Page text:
‘Digital Frontiers Initiative’ To Help Connecticut Businesses Optimize AI, Emerging Tech, and Enhance Competitiveness

The Initiative, which is led by three UConn business professors with deep roots in business innovation and analysis, is available for industry partnerships, research, and workforce development.

Smart industry robot arms for digital factory production technology showing automation manufacturing process of the Industry 4.0 or 4th industrial revolution and IOT software to control operation .


The School of Business has combined a team of experts in technology, data analytics, and business implementation to lead a Digital Frontiers Initiative that will serve Connecticut businesses.

The Initiative, which is led by three UConn business professors with deep roots in business innovation and analysis, is available for industry partnerships, research, and workforce development. The leadership’s expertise includes artificial intelligence, cybersecurity, data analytics, and emerging technology.

“There is a tremendous appetite among Connecticut businesses for discovering and employing the benefits of AI and other advances for strategic advantage,’’ said School of Business Dean John A. Elliott.

“Before we officially announced the Initiative, we had a call from a representative of a Fortune 100 company seeking information about how we could help them,’’ Elliott said.

The Initiative is led by the Operations and Information Management Department (OPIM) at the School of Business and builds on the expertise of other successful UConn business programs.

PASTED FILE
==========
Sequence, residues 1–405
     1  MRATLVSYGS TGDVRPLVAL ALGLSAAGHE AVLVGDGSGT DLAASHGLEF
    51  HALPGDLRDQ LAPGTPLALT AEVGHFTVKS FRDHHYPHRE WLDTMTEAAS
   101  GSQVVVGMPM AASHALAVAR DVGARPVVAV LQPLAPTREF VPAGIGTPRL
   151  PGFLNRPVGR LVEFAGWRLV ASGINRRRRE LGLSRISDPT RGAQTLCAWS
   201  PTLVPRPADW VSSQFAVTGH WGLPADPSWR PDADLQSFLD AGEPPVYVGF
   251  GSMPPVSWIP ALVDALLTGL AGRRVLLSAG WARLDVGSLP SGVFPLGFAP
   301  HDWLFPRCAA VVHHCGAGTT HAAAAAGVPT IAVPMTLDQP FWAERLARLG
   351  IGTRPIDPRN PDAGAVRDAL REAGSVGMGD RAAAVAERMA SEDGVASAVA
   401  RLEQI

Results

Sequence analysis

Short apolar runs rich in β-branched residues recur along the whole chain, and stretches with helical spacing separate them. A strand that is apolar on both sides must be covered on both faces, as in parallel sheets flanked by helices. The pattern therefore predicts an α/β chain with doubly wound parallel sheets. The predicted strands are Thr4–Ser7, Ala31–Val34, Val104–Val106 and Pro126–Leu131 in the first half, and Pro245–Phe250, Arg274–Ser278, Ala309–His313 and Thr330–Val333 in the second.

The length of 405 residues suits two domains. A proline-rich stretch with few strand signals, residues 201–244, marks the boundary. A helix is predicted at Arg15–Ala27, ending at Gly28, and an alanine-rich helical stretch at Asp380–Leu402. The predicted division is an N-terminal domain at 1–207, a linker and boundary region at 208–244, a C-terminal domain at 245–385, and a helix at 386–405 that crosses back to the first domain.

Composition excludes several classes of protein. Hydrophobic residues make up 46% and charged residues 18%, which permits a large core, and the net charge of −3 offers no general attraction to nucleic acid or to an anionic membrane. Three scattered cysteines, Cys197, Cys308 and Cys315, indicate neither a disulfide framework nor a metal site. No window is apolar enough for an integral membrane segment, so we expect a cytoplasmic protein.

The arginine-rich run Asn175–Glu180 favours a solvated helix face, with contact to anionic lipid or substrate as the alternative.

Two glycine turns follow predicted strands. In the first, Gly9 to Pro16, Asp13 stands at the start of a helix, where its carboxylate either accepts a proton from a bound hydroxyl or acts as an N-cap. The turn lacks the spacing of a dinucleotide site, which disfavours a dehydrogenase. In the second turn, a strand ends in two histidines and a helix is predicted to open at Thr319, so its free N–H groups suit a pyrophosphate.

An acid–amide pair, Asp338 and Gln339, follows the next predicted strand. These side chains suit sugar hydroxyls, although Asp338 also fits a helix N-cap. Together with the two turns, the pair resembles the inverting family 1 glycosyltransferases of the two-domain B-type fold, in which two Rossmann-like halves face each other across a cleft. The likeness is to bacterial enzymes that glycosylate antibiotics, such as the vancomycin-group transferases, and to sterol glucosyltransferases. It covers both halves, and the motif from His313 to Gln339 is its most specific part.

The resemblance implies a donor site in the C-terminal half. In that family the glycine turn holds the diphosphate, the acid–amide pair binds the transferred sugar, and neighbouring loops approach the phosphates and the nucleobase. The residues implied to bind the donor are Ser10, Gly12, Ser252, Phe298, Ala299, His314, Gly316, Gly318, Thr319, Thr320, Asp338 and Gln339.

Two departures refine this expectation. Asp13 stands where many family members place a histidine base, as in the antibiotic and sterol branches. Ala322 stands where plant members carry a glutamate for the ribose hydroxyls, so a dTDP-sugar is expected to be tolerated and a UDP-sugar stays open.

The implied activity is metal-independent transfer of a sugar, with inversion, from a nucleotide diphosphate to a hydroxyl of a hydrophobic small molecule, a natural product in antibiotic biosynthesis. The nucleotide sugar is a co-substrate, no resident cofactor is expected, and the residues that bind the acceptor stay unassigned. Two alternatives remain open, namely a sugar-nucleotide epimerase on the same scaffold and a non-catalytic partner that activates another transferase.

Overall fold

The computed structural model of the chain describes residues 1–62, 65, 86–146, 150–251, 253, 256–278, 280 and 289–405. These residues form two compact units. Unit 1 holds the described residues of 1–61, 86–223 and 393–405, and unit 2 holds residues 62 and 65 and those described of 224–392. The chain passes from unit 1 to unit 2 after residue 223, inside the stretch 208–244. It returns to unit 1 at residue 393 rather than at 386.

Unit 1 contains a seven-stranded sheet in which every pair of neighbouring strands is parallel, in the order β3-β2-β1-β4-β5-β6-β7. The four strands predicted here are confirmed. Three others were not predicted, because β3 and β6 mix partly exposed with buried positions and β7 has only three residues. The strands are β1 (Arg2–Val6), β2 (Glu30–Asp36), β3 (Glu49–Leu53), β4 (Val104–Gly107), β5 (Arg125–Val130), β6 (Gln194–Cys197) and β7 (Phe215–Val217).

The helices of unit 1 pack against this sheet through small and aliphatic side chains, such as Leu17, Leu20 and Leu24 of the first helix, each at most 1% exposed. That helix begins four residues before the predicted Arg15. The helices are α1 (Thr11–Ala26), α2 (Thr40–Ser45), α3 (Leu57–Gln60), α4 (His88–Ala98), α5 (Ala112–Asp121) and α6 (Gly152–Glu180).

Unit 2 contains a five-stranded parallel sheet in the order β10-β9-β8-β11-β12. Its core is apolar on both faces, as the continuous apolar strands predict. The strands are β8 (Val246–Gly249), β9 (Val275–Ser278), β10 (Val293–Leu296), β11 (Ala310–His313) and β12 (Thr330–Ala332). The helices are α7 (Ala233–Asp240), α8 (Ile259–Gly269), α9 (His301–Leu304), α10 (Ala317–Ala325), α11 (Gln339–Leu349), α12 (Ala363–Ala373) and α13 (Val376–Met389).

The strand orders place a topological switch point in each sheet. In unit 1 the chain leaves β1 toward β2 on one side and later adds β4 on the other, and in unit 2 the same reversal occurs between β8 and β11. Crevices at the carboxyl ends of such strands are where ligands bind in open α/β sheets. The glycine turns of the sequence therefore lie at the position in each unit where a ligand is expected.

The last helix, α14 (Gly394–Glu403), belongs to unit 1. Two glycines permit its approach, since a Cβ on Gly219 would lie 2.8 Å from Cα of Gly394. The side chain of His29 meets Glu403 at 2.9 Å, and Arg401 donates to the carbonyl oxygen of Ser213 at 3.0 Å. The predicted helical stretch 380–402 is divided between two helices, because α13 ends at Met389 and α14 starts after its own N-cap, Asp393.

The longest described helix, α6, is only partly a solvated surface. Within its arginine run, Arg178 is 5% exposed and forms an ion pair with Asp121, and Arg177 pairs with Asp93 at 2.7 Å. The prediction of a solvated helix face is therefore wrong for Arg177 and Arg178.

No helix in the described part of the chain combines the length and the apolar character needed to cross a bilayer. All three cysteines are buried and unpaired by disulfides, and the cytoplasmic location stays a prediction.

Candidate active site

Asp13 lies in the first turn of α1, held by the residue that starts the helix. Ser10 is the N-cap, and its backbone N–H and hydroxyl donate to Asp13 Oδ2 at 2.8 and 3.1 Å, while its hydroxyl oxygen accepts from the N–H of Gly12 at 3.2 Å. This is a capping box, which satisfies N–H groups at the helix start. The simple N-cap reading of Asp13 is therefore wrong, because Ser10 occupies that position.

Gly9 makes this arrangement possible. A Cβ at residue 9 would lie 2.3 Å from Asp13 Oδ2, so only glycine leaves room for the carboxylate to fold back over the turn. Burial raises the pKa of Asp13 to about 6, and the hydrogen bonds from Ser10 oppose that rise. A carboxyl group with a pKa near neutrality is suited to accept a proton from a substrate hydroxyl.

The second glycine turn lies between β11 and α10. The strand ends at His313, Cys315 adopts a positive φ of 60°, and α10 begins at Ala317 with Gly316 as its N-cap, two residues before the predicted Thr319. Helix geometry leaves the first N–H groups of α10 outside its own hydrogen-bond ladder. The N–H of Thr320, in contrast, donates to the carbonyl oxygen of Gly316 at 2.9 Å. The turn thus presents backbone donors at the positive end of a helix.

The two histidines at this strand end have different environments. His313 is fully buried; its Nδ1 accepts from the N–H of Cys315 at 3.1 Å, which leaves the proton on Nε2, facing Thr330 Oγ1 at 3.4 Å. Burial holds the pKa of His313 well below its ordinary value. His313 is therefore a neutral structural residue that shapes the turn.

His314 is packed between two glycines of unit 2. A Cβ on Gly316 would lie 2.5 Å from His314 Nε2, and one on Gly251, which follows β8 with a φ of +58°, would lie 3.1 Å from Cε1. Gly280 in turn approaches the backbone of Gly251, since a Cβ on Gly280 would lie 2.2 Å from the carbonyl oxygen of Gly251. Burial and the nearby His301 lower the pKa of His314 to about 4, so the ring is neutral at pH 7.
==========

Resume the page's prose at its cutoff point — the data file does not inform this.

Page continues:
“This is a chance for our department to increase outreach and industry collaboration efforts,’’ said professor Cuihong Li, OPIM department head. “We’ll have one, industry-facing unit supporting research, education and outreach.’’

“Connecticut companies need help to stay on top of all these changes, especially the booming AI revolution. Everyone wants to know how this tech will disrupt businesses and how it will bring new opportunities,’’ she said. “With our industry connections and collaborations, we will make a bigger impact in Connecticut and beyond.’’

Li said the Digital Frontiers Initiative is developing at the right time.

“Our faculty are leaders in the creation and dissemination of knowledge that extends the frontiers of business analytics, information systems and operations management in a digitally driven global economy,’’ she said. “Through rigorous research, innovative teaching, and collaborative industry engagement, we aim to develop a deep understanding of how information, technology and operations can be harnessed to solve critical business problems and drive sustainable growth. By bridging industry and academics, DFI serves as a pivotal component of the OPIM Department to accomplish that mission.’’

The Digital Frontiers Initiative combines the expertise of three long-standing programs: the Connecticut Information Technology Institute (CITI), the Center for Advancement of Business Analytics (CABA) and Innovate Labs (formerly OPIM Innovate). CITI will remain the umbrella organization, combining its programs with those of CABA and Innovate Labs to form the Digital Frontiers Initiative. The goal is to synchronize efforts to better serve businesses. The program will have a footprint at the Storrs, Stamford, and Hartford campuses.

The Initiative leadership includes:

  • Executive Director Jon Moore, who created the School’s Innovate Labs which allows students and faculty to develop emerging technology skills, from flying drones to developing virtual reality skills. Started in Storrs, Innovate Labs will soon open a second location in Stamford, and later one in Hartford, to serve a growing interest.
  • Academic Director Wei Chen, a professor and generative AI specialist who focuses on business applications and customization of the technology, as well as safety and ethics.